Coolness! I don't remember anyone recommending an anatomy book but you are positively right! I have now pre-Ordered Pro and I am just waiting to hear from support on the matter of possibly not being here to download and the procedures involved. I couldn't order an extended download, which is what I wanted to do.

    Thanks again phantom for your help, between you and PhilC I am sold, will peek in and out of the forums when I can!

  15. #75
    Quote Originally Posted by phantom3d View Post
    I can tell you that the best resource for learning rigging is going to be a good anatomy book
    But with any type of learning some just grasp the basics, while some have that uncanny ability which makes them stick out of the masses; That's why I advocate (in case somebody didn't notice yet...) that people knowing what they're talking about should be the one who tackle the weight map transformation of older iconic Poserdom figures, and sell the result.
    I'm ready to pay for something I know I won't be able to do as well, no problem; I know my limitations.

    And here is an example of what I mean:


    Quote Originally Posted by esha View Post
    I might re-rig some of my clothes, but it largely depends on which figures will be available as weight-mapped editions.
    Clothing creators need a commonly accepted base to rally around; Something most people have because it's the best version out there. It worked for figures so far, chances are it will also work for weight-mapping them.

  16. #76
    Clothing creators need a commonly accepted base to rally around; Something most people have because it's the best version out there. It worked for figures so far, chances are it will also work for weight-mapping them.


    Now that is a statement I agree with- That is what I will spend for.

  17. #77
    I'm of the impression that we already have a fairly large range of figures that we could be working with. What I would love to see - and would probably be the target for all sorts of potentially lethal legal landmines - is an exercise/group class/workshop (never sure what to call this sort of thing) where a popular (or not so popular anymore) figure is re-rigged. Yes,: re-rigged! and then weight-mapped, subsequently. For example: Stephanie 3. Wouldn't Daz have a field-day with that one! So yeah, I can see potential problems with it, but my goodness, wouldn't be awesome to actually learn to rig a 3D figure so it behaves the way *you* want!!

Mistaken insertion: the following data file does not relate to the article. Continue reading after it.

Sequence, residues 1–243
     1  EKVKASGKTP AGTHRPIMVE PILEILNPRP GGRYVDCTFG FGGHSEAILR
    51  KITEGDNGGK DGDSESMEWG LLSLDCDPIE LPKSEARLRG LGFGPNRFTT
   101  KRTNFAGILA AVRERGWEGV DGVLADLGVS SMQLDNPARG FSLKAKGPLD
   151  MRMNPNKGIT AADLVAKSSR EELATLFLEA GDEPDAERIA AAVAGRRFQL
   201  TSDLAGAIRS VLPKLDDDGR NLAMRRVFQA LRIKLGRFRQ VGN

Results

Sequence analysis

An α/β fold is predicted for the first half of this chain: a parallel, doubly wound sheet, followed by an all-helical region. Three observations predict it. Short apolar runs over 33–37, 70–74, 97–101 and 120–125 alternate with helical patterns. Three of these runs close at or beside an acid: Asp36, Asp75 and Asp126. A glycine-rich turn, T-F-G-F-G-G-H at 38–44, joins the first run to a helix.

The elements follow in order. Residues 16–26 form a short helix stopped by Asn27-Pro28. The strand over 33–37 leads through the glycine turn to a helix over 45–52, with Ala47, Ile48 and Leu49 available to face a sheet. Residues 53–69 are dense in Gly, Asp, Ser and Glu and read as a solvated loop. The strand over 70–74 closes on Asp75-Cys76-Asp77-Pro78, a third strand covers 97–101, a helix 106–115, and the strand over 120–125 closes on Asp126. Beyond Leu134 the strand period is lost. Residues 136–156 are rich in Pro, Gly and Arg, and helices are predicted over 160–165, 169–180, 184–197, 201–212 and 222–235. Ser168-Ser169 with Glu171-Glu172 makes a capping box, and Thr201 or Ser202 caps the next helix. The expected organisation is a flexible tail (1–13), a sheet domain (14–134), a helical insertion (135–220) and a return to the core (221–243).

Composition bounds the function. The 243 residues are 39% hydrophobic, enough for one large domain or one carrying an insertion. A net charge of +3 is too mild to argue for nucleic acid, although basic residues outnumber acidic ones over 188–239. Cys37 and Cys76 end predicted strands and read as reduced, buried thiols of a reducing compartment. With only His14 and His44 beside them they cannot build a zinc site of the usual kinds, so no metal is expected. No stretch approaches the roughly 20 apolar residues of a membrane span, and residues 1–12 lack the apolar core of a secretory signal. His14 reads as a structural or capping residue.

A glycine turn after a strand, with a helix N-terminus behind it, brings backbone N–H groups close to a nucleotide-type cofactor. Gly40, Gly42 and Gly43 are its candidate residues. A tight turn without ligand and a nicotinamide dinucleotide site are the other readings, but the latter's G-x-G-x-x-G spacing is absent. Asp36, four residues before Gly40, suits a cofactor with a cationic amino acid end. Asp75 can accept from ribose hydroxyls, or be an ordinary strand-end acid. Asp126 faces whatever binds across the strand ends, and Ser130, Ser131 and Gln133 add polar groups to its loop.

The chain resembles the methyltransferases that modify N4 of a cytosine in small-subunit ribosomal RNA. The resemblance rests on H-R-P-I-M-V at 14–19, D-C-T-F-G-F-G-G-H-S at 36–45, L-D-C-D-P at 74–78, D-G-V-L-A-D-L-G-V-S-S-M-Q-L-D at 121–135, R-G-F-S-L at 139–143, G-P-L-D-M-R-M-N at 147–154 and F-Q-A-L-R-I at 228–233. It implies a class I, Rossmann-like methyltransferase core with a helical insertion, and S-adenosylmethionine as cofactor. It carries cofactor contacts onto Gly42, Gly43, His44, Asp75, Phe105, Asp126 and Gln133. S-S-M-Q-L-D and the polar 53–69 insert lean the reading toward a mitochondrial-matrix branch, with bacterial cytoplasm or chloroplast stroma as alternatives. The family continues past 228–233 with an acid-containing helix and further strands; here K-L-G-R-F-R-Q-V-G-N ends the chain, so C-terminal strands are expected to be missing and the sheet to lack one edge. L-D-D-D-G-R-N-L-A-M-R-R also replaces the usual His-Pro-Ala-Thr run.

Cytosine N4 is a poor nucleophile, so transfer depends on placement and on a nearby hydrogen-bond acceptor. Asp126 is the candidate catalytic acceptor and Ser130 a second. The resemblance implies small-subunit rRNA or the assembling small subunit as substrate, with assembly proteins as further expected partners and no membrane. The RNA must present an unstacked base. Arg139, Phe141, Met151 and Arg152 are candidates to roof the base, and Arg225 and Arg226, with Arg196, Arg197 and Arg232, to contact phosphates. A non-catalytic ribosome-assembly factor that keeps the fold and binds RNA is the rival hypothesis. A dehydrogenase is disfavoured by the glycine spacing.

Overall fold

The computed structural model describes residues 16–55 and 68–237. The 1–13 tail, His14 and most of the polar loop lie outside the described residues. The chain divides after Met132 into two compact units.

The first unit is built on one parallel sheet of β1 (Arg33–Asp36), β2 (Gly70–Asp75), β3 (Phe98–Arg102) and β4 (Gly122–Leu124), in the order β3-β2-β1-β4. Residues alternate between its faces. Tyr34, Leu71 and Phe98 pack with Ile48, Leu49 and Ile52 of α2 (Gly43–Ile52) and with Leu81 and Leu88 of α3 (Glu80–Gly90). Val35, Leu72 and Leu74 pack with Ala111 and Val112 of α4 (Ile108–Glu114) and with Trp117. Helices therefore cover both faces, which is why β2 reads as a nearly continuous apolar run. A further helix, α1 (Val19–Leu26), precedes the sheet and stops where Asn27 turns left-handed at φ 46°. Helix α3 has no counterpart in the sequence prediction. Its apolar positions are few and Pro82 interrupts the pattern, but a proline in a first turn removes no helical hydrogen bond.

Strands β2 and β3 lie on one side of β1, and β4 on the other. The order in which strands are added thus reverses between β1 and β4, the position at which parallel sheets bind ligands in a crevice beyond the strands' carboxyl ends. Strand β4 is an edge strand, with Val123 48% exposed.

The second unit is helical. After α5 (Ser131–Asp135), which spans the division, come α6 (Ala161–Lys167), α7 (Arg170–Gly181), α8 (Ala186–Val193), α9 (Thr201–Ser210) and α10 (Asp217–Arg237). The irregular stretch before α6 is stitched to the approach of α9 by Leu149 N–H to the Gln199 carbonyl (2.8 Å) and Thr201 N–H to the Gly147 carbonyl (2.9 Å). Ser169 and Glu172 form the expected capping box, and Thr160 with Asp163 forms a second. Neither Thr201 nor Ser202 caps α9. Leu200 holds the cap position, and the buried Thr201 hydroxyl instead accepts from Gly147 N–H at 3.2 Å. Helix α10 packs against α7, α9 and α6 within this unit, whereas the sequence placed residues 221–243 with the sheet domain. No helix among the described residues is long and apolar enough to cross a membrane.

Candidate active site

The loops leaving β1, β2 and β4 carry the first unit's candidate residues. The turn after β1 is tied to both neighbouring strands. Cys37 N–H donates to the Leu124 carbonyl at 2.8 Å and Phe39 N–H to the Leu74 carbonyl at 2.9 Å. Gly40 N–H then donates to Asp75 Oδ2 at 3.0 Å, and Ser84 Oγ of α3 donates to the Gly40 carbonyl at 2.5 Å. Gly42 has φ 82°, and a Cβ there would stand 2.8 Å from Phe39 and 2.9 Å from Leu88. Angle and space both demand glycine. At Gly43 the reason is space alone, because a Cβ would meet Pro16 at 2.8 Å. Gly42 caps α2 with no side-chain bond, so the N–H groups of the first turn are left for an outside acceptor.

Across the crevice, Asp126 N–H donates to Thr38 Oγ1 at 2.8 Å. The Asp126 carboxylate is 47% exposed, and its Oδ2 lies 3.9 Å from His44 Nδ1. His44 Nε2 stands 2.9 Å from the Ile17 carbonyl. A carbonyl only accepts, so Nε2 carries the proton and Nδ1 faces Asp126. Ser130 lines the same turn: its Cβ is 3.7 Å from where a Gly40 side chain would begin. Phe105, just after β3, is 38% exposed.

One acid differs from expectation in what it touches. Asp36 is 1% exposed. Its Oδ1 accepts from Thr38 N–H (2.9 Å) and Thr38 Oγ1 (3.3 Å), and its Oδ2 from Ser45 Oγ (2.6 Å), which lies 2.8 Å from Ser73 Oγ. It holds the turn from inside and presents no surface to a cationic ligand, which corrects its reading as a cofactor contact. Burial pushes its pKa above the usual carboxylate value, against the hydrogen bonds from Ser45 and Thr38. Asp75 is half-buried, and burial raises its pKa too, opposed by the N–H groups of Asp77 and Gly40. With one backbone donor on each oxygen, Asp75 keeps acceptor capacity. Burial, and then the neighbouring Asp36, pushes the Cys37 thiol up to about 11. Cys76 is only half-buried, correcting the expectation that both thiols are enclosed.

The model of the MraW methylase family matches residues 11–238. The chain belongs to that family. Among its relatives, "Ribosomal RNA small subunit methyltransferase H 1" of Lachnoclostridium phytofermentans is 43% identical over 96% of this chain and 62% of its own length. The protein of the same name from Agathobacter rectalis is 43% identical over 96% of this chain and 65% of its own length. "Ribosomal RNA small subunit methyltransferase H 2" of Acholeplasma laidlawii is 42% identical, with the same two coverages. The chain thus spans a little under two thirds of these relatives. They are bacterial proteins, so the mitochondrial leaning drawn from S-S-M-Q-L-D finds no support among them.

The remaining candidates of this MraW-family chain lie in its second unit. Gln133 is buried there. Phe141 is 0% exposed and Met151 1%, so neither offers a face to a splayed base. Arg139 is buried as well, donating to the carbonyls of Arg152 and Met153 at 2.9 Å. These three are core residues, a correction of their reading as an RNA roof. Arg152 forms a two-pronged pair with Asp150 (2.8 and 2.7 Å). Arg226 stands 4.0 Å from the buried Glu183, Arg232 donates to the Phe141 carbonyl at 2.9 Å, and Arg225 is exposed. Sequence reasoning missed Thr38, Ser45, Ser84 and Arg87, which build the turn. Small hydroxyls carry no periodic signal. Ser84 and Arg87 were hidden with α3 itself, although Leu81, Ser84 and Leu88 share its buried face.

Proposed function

I would *so* be in that!

  18. #78
    Quote Originally Posted by robynsveil View Post
    I'm of the impression that we already have a fairly large range of figures that we could be working with.
    We always had, from Poser 1 on. But we always want better-looking ones. It's just like real life...


    Quote Originally Posted by robynsveil View Post
    What I would love to see - and would probably be the target for all sorts of potentially lethal legal landmines - is an exercise/group class/workshop (never sure what to call this sort of thing) where a popular (or not so popular anymore) figure is re-rigged.
    Me too. Just to flex my rigging claws into the weight-mapping domain (I've already flexed them in the traditional domain, and it slapped me).
    When it comes to make a picture (more so a paid one) of a figure, I'd rather settle for the best rigger out there, the one which has an eye for human anatomy details, beyond the "boobs are below the face, seems realistic to me" level...
    So yes, I'm a fervent supporter of learning, but I know there are people who can do some things better than me (others not), and I'd rather rely on their expertise for those aspects. It's not laziness - after all, I relied on SM to code Poser, I didn't bother to program it myself...

  19. #79
    Oh, I'm not saying it would achieve unprecendented popularity status, this workshop, yrt. it would be just for us cobblers. I'm not much of an artist, but I do love to mess with this stuff.

  20. #80
    Quote Originally Posted by robynsveil View Post
    Oh, I'm not saying it would achieve unprecendented popularity status, this workshop, yrt. it would be just for us cobblers. I'm not much of an artist, but I do love to mess with this stuff.
    I understand, and agree. I just keep reminding people of the true priorities (Which are to have a set of up-to-date figures around which all Poser users can federate their efforts. Everything else is nice, but it won't make sure we're still here in August 2012 - at least not all of us, not enough to make it worth SM's while to pay people to work on Poser.).

    (Fighting for my hide, one could say (besides the fact I don't work for SM); The fact is I like my adversaries to think of "cornered rat", rather than "corned beef"... -evil smirk- )